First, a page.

*1988 in Suresnes, lives in Paris
Eric Le Méné is an inventor, somewhere between the plastic arts, making and pure research. He holds architecture and civil engineering degrees from École nationale supérieure d’architecture in Paris-Malaquais and École spéciale des travaux publics du bâtiment et de l’industrie in Paris. He runs a Research and Development start-up that focuses on energy preservation, ecological housing and natural comfort. His interests include implementing broad technologies in the field of architecture. These could potentially benefit from topological optimisation. Therefore, he created a 3D sand formworks printer to use for concrete casting. It aims to mimic bio-structures in manmade structures, bringing the best of both natural genius and human discoveries into architecture and living.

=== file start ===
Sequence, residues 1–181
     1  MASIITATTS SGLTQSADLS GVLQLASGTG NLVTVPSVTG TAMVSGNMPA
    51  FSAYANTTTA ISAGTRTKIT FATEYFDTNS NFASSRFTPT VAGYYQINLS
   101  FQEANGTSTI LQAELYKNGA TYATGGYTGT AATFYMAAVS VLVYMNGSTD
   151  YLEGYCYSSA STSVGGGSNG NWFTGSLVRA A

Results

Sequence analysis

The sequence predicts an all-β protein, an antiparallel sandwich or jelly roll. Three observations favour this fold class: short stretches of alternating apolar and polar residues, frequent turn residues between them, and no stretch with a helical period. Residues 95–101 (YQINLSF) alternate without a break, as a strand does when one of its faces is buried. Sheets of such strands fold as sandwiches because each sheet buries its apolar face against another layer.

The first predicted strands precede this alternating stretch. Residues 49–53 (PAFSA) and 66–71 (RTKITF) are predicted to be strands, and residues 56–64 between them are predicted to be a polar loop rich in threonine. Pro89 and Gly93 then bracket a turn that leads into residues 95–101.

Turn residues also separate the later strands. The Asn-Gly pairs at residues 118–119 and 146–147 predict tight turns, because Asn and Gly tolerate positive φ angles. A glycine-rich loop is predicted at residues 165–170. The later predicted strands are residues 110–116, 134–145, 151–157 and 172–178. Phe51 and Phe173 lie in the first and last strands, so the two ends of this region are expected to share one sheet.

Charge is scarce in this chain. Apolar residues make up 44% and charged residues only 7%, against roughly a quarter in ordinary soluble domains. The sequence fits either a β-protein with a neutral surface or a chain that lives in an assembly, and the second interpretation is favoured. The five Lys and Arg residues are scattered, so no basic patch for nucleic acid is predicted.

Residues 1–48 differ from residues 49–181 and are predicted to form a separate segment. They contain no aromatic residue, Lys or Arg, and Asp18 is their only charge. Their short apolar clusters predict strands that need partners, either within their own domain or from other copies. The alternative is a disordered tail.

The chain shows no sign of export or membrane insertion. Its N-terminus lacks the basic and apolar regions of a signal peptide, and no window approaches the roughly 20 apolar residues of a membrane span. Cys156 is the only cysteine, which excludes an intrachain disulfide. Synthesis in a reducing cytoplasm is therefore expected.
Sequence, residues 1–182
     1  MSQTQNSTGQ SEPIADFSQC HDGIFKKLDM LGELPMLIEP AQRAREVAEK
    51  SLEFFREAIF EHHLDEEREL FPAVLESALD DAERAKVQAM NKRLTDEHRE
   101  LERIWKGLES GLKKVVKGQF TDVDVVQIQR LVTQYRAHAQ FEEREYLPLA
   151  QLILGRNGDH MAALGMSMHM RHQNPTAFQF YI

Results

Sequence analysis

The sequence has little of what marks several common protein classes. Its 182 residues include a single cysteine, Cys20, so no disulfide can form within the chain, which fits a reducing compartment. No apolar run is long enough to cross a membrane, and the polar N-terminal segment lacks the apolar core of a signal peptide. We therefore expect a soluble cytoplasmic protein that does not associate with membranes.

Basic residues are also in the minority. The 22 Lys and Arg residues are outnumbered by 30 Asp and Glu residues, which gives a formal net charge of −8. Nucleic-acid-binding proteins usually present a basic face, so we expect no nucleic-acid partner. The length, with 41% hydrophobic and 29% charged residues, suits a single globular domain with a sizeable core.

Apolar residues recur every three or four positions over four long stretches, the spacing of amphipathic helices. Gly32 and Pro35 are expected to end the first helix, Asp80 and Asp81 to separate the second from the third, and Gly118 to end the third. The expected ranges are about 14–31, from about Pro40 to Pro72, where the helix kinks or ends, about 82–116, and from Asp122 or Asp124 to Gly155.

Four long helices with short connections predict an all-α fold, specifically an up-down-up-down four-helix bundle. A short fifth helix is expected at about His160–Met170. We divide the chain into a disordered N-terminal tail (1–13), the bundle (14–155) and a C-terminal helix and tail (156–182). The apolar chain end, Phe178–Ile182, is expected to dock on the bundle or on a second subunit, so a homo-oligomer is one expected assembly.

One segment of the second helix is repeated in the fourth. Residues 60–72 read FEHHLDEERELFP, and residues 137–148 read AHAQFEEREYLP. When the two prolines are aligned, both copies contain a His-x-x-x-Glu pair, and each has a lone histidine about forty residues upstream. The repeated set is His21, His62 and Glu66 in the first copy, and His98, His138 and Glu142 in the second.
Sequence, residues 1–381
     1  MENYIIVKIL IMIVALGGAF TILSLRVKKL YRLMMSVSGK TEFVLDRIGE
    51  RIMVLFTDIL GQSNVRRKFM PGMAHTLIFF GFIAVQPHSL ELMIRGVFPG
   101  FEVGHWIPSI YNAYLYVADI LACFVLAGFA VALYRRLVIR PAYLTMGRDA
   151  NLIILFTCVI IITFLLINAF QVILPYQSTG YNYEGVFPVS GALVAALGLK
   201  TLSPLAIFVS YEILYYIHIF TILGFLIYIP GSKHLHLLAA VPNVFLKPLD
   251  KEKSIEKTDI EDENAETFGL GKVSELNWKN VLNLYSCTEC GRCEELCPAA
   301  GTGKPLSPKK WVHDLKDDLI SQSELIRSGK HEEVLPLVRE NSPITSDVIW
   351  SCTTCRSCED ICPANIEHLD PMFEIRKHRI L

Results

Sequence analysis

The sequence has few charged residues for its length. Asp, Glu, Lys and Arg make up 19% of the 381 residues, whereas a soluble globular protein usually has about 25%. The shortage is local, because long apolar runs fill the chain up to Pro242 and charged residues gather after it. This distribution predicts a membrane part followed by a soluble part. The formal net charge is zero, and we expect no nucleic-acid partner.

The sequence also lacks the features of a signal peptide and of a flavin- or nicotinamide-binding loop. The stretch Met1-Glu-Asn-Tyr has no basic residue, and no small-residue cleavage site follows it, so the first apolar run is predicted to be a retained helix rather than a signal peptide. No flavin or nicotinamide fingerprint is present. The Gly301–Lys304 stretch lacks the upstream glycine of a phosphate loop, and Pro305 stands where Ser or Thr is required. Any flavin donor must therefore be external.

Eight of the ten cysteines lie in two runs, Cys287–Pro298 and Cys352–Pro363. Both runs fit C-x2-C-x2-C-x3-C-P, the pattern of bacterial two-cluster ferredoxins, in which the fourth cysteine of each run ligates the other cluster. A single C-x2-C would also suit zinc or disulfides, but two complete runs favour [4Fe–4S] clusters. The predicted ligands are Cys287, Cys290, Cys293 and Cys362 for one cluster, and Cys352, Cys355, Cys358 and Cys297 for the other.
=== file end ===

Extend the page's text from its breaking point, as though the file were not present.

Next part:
2016/2019, 3D sand printer, personal prospection
D.I.Y., made from scratch, wood, metal, electromechanical and electronic parts
How come what is built today overly resembles what was built last century, especially when so many aspects of society as a whole have changed. Is architecture stuck in time? What is shown here is both a new tool and a new attempt to break the shell, the mold of a style of construction that is always rectilinear and heavy. Participating in sustainable development for the future of humanity and taking advantage of the natural history book of biomimicry, a gift from, the present sculpture is a leap forward, a bridge between ages. Life is a circle; may the architecture loop back to the origins of our own inner composition and natural environment. Architecture evolves at the inner scale of biological life. It’s been there forever.